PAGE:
Sunshine Too Brief


All Contents copyright of
Tazzy at

I'm a self-absorbed Bengali-Torontonian;
Fish comes to me raw, wrappend in seaweed, not cooked in curry;
I love watching thunderstorms and rain;
Sad endings make more sense to me than happy ones;
I hate empty walls.

In the News

Craving of the week-
Dark Chocolate
Reading List-
Midnight's Children
Movie review(out of 5)-
127 hours- *****
Buried- ****
That Girl in Yellow Boots- **
Love of the week-
Seeing James Franco
Aim for the weekend-
Watch 'Going Postal' The Movie

My Novella: Samosa for the Arranged Souls

Introduction & Chapter 1

Chapter 2

Chapters 3, 4 & 5

Chapter 6

Chapter 6 continues

Chapter 7 & Epilogue

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    On Being Smart

    " You are TOO smart!"
    Someone very dear to me said it once.
    Before there's an outcry of 'what a conceited girl' against such a confession let me add that this wasn't a compliment but an admonishment. It was said as a part of a monologue, theorizing all my many faults starting with my stubborn nature to the cause of my apparent singlehood. When she was done, I wanted to assure her that I am not. Smart, that is. Then I wanted to know what her definition of 'smart' was. I also wanted to ask why she thought 'being smart' was such a bad thing. In the end, I said nothing. Sometimes I feel its easier to prove your stand to strangers you don't care about than to people you love and who claim to love you back.

    I've never forgotten the scolding though mainly because it wasn't the first time I was on the receiving end of such an admonishment and hence never stopped analyzing it either.
    Like most negative comments I think it arose from her own false belief that 'I didn't think she is smart', which is perhaps based on her definition of smart - i.e. getting good grades in school, a moderate knowledge of surroundings and ability to reason.
    What makes it even more interesting is that, by her definition, she IS smart girl herself. Which brings me to my theory that ' everyone is smart- about something or other'.
    Some about money, some arts, some in science, some about taking care of the needy (children, animals, elderly, sick) while some are smart about makeup that makes them look stunning every time no matter what they wear. Its undeniable that if you are smart about something you'll, perhaps, not be smart about other things. What adds the comparative adjective to 'smart' is, my belief, an attitude.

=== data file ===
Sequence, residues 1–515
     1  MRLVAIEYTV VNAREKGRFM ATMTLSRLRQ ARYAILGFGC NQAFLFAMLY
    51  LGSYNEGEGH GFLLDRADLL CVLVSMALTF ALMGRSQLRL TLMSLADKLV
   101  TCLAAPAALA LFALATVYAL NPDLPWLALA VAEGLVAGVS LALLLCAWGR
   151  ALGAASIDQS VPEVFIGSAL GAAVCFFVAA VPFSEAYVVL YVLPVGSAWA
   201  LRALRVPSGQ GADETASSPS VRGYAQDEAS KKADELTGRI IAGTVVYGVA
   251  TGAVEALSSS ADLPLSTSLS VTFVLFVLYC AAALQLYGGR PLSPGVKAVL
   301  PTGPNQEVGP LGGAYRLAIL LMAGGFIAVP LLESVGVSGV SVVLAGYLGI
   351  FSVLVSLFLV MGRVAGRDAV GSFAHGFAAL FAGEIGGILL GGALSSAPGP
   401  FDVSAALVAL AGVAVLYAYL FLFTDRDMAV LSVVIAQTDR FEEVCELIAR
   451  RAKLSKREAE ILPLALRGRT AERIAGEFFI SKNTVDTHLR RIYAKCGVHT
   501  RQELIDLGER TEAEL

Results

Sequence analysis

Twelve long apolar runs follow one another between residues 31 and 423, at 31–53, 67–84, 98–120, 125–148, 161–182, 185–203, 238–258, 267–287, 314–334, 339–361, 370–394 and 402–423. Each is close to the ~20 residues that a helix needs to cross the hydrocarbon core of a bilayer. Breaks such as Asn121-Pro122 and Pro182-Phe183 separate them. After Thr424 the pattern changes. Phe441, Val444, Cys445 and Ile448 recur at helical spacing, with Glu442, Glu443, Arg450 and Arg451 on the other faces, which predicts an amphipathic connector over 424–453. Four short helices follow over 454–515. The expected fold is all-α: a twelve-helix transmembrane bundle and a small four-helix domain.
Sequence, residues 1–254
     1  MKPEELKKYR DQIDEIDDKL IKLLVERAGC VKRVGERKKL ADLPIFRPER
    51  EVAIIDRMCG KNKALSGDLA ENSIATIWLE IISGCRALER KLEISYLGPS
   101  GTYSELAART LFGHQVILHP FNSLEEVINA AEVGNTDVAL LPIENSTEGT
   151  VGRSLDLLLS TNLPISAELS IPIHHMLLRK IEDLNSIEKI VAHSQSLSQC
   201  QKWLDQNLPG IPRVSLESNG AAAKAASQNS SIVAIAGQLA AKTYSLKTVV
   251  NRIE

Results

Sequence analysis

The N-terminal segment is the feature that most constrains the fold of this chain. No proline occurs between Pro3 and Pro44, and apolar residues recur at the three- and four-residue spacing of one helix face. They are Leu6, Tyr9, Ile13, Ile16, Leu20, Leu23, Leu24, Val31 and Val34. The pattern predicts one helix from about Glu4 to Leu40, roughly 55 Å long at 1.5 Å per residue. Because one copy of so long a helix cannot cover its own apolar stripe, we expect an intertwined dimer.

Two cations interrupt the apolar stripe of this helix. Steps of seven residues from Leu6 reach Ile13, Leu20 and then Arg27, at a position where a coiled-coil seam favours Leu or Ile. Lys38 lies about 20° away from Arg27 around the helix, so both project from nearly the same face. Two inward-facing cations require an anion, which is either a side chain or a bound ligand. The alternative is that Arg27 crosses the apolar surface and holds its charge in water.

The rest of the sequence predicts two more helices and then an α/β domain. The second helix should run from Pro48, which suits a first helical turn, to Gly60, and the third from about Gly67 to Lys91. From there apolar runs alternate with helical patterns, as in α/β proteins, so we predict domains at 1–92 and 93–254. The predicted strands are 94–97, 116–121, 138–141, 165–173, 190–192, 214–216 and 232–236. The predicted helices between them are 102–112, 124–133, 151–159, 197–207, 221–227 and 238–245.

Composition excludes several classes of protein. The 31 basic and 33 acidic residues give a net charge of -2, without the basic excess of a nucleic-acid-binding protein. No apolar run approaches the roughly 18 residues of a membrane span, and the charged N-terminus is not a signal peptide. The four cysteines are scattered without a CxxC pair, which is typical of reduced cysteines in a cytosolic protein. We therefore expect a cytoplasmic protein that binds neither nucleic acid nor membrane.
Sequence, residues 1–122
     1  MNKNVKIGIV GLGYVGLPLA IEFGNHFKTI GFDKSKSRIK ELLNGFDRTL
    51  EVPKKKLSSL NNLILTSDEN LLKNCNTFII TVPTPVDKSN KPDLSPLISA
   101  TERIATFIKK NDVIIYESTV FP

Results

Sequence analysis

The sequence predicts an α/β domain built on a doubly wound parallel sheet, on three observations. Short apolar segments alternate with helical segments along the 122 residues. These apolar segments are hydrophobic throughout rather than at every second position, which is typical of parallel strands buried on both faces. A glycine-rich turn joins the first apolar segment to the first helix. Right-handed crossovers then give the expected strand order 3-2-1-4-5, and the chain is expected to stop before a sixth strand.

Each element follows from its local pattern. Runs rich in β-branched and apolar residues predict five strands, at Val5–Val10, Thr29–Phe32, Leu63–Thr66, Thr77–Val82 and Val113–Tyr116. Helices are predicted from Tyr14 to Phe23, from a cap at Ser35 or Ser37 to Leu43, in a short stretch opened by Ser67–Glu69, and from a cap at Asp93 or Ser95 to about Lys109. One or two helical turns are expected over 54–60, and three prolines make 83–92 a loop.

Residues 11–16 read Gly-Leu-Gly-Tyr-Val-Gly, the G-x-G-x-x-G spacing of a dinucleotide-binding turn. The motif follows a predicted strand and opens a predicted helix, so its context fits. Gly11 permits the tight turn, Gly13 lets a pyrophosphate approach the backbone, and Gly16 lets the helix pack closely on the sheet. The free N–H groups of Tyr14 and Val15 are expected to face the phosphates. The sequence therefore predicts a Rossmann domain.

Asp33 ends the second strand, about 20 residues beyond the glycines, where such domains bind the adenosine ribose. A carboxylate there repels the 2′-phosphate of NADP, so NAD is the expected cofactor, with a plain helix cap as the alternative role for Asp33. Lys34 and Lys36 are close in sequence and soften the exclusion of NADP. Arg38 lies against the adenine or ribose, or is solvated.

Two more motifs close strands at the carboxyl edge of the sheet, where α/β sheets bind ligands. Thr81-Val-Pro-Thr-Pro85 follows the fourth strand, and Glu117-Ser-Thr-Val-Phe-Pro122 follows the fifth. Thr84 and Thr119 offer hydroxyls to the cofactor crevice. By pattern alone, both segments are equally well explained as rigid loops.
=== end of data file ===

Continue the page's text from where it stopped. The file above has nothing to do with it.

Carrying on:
As a simplistic example:
    If you are well-read and know that write well yourself, you are smart.
    If You are well-read and make the attempt at writing a book that makes even two people think that you write well, you are smarter (to your readers) than the person who knows that he/she writes well.
    There is also the matter of 'choice' that plays into someone appearing smarter.
    People, generally, choose to be smart about something and not about others.
    Take the example of 'World issues'. Its out there- in print, on television, on the net. Some people choose to find out more while some choose the 'ignorance is bliss' attitude.
    Just because someone isn't aware of the current ruling party of Palestine, doesn't mean they are not smart. Its their choice of not making themselves aware of the news that may appear to be 'not very smart'.

    The flip side to all of this is the 'I know I am smarter than you because I belong to such and such profession' attitude which doesn't make anyone appear very smart. Yet we do it all the time.
    "Engineers rule the world"
    "The not so smart ones pick Family medicine"
    "How smart do you have to be to pour coffee?"
    All such remarks seem to arise from the misguided notion that your way of making money is somehow an indicator of your smartness.
    In my own community I find it incredible; the length Bengali people will go, to associate themselves to a 'profession' that they think is socially accepted as 'smart', sometimes compromising their intrigity (lying about their degrees) and personal happiness("my parents want me to become a so-and-so"). And such unfounded opinions about 'smart' professions exist that, it boggles the mind.
    A popular story of my father that I grew up on used to refer to his university days when he and his engineering friends mocked the medical students about their pre-exam all-nighters memorizing anatomy, pharmacology etc. "Memorization is not intelligence" was his favourite phrase thus beginning our rare arguments. Come to think of it, it might be the sole reason why I never wanted to study engineering and became exceptionally good a memorizing school work. But I was also exceptionally good in math and hence paraded as the 'not pretty but smart' second daughter. All the while my father happily encouraged my childhood dream of studying medicine. It took the man more than a decade to concede that
    a) not everyone can memorize
    b) being just good at memorizing is not the only thing to becoming a doctor